We've been remiss in updating for the past few days, caught up in the whirlwind that is the ABA Annual Meeting. But that's now over and we can finally return to our usual blogging routine.
First up, News of the World:
Now, back to our regularly scheduled programming.
- The Supreme Court of Canada has a new Justice, Russell Brown. He's a blogger (well, former blogger), and property guy. And friend of this blog: back when Justice Brown was lawprof Brown at the University of Alberta a few short years ago, he spoke at a panel we moderated at an ABA conference in Miami, in which we explored the ways that different countries approached what we call "regulatory takings." We wonder whether the addition of Justice Brown will have us looking more at that court's property rulings in the future. We hope so.
- Will the Philippine Supreme Court order a half-built skyscraper to be torn down? Anyone who has ever toured Manila will almost certainly have visited the monument honoring the Philippines' "national hero" Jose Rizal. In a case recently argued over several days, the Justices of the Philippine Supreme Court are considering whether Torre de Manila, a 46-story skyscraper being built on private property near to the monument should be de-constructed simply because it mars the views from and to the memorial. Check out the photos. According to this story, "Torre de Manila is clearly visible behind the monument, and can easily steal the attention of a visitor away from the monument which, up until the construction, had uncontested control over the sightline." A fascinating case to follow for those of us in jurisdictions which do not recognize view planes or sight lines as protected from interference, as may (or may not) the Philippine Constitution. And what about vested rights? Even in California, a half-built skyscraper might be deemed to be "vested." Add in the Philippine Constitution's protection of private property rights, and you've got a legal battle that has no obvious solution.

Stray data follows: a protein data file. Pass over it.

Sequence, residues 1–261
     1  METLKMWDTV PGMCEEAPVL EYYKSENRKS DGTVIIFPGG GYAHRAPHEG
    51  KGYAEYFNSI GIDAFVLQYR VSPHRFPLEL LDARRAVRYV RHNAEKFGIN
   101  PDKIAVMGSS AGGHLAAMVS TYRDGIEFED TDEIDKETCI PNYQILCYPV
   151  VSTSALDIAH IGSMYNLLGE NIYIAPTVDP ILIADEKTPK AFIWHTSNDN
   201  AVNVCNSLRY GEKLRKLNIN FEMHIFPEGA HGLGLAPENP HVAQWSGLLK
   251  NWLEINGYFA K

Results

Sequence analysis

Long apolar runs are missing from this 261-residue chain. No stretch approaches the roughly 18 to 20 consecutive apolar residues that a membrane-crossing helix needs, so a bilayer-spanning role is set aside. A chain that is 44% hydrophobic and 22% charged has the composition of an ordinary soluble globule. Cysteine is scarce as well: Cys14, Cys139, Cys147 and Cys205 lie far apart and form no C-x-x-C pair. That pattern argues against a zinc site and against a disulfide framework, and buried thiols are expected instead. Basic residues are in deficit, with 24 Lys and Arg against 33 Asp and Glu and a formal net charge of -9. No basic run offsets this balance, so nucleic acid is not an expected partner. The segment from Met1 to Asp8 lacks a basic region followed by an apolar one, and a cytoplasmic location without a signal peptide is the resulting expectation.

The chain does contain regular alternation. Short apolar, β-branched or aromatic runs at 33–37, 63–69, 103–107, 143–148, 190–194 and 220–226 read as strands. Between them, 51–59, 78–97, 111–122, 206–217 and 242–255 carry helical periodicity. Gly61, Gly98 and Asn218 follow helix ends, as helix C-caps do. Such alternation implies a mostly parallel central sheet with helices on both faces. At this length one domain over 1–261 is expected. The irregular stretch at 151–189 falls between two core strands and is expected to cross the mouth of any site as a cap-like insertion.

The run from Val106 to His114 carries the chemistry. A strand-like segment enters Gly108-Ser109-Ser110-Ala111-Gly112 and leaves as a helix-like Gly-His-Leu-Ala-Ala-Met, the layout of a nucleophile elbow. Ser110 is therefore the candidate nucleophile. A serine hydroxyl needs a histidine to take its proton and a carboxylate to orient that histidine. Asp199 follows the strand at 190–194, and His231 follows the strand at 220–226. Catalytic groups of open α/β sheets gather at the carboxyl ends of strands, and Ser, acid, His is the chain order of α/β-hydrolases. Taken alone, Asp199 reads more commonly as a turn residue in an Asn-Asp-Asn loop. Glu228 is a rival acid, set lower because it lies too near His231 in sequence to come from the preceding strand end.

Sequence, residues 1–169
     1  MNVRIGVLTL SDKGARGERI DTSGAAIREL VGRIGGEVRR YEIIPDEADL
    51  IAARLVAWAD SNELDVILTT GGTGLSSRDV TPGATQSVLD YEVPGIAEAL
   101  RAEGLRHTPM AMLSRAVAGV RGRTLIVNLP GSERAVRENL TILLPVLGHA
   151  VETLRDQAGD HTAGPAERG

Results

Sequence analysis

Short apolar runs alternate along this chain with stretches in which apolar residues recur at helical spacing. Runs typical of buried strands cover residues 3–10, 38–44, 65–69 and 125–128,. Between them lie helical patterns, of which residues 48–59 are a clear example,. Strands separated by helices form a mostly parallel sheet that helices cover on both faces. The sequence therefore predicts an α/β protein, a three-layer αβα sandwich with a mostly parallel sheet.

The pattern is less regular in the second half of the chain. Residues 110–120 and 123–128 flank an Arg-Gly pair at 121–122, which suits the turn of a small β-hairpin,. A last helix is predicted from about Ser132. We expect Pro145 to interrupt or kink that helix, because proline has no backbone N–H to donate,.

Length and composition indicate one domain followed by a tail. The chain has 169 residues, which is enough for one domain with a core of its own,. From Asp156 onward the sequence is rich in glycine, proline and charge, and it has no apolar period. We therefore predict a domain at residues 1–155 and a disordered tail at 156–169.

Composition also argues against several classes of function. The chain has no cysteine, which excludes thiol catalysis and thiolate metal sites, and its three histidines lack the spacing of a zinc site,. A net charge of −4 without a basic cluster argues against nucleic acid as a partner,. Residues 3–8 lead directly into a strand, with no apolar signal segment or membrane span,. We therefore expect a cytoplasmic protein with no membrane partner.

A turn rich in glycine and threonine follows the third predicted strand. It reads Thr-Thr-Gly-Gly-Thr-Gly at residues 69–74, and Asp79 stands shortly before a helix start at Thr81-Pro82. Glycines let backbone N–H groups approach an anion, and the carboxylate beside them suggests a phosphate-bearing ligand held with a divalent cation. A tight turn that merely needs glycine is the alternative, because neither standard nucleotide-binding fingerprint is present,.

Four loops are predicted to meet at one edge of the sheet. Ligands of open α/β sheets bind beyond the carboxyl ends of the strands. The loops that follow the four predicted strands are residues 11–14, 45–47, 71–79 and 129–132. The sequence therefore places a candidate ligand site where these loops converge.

- Which brings us back to Takings International. From time to time we like seeing how the other half lives (see here, our review of Australia's compulsory acquisition movie "The Castle," and here for our review of a docfilm about Donald Trump and Compulsory Purchase Orders in Scotland). And a few years ago, our Section of the ABA published a book which details how various countries around the world approach what we call "regulatory takings." If that sort of thing floats your boat, check it out.